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Re: Rich semantics and expressiveness

From: Jacek Kopecky <jacek.kopecky@deri.org>
Date: Thu, 22 Feb 2007 21:52:55 +0100
To: Richard Cyganiak <richard@cyganiak.de>
Cc: Hamish Harvey <hamish@hamishharvey.com>, semantic-web@w3.org
Message-Id: <1172177575.28278.26.camel@localhost>

Richard, let me try a take:

On Thu, 2007-02-22 at 21:01 +0100, Richard Cyganiak wrote:
> On 22 Feb 2007, at 20:17, Hamish Harvey wrote:
> >> Oh! I have to admit that I did not think that far. By "relational
> >> schemes" I just meant collections of table definitions by their
> >> attributes, together with some basic inter-table relationships like
> >> foreignkeys. Now, with such general integrity constraints in mind,  
> >> the
> >> whole discussion might perhaps get quite another direction. Hm...
> >
> > But those integrity constraints _enforce_ a certain semantic
> > consistencies. They do not _represent_ semantic relationships as such,
> > do they?
> 
> What's the difference?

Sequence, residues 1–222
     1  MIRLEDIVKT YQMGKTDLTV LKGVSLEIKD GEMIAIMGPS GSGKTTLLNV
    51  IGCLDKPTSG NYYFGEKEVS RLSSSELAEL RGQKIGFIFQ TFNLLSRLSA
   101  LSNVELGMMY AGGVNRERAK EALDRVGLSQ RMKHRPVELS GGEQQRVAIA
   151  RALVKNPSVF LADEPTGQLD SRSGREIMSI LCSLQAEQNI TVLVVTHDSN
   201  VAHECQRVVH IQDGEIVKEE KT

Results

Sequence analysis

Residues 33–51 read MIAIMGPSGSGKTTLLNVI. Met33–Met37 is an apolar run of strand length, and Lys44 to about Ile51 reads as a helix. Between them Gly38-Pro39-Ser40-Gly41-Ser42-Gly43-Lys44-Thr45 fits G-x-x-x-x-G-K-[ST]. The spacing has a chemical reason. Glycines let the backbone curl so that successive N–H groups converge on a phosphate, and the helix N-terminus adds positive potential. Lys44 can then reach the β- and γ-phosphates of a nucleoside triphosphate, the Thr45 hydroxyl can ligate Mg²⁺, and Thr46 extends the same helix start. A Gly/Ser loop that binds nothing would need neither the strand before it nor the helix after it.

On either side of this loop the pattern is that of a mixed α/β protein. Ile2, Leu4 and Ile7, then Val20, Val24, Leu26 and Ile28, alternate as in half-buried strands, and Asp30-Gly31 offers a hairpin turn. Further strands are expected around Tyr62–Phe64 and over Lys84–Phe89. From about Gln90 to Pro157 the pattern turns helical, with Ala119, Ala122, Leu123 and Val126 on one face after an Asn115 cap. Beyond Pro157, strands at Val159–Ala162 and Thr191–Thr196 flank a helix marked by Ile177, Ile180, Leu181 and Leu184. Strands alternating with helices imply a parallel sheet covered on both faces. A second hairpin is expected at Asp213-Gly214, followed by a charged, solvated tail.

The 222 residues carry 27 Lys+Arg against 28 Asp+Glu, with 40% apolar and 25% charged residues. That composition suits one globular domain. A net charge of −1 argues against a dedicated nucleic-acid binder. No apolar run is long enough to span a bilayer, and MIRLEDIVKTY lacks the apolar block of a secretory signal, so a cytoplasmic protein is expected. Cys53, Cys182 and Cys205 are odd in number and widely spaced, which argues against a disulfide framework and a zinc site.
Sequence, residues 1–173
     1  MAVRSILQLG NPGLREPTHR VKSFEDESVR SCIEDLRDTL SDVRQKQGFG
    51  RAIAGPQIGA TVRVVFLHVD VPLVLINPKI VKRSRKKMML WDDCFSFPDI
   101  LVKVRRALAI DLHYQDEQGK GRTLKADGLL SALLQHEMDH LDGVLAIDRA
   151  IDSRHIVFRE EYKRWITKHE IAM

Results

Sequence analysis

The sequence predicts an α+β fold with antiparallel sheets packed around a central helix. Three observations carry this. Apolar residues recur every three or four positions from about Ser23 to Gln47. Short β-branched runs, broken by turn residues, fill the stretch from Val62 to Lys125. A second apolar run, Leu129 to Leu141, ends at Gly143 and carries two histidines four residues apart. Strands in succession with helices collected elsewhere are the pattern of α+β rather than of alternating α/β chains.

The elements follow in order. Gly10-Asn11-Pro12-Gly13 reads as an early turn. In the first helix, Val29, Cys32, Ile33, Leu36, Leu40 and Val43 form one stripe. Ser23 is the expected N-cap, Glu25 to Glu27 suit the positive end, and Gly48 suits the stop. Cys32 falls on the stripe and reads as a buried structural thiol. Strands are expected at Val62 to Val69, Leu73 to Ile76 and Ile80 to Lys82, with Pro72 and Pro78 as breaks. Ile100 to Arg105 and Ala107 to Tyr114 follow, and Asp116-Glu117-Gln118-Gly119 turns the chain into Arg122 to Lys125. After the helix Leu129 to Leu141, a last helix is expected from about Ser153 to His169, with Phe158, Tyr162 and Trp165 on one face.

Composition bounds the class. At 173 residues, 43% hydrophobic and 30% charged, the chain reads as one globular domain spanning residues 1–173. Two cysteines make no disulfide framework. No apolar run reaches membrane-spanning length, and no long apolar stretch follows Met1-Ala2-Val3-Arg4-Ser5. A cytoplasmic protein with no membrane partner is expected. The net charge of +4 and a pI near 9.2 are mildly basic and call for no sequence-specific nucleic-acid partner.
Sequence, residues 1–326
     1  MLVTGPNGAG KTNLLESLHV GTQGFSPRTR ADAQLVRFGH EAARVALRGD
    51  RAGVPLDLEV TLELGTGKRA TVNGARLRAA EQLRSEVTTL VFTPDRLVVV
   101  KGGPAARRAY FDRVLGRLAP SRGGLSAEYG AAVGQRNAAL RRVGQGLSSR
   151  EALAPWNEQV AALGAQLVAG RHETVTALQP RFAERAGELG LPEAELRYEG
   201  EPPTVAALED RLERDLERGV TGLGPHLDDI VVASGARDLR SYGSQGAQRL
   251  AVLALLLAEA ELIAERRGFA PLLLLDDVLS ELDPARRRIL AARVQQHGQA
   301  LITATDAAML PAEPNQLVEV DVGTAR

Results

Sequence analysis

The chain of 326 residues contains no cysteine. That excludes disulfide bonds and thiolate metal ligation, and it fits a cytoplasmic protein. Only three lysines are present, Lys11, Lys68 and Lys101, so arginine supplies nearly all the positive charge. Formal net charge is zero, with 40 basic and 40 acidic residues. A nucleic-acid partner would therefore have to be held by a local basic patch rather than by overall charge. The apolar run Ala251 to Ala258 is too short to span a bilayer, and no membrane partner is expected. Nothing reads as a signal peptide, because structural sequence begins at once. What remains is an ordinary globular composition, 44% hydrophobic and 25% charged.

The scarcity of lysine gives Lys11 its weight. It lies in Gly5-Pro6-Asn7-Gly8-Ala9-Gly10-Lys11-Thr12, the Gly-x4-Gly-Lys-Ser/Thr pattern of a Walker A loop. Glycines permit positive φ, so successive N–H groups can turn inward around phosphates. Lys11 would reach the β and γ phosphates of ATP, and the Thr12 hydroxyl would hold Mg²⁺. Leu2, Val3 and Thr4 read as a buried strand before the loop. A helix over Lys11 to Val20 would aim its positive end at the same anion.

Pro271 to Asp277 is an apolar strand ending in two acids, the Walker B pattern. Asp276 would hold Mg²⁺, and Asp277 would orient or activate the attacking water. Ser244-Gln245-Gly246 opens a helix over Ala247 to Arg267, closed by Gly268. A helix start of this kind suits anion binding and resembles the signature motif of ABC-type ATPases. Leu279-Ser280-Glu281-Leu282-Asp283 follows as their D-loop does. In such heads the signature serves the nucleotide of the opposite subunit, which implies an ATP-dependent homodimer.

Enforcement means, if you successfully put in some data, it's there.
Representing semantic relationships here (and perhaps the word
"inference", but I'm not sure) would mean that if you put in some data,
the result contains more data than just what was there already and the
new, there are also new inferences.

Typical difference between typing constraints and OWL's range:

Person hasParent Person

I want to add  "Joe hasParent Jane", but I can't do that with typing
constraints, I'd have to say "Joe isa Person. Jane isa Person. Joe
hasParent Jane."

In OWL, I can say "Joe hasParent Jane" and OWL will tell me "Joe isa
Person. Jane isa Person."

Some applications require type checking, some will benefit from
inference, both should be supported. For instance, WSMO (wsmo.org) has
both.

Best regards,
Jacek
Received on Thursday, 22 February 2007 20:53:22 UTC

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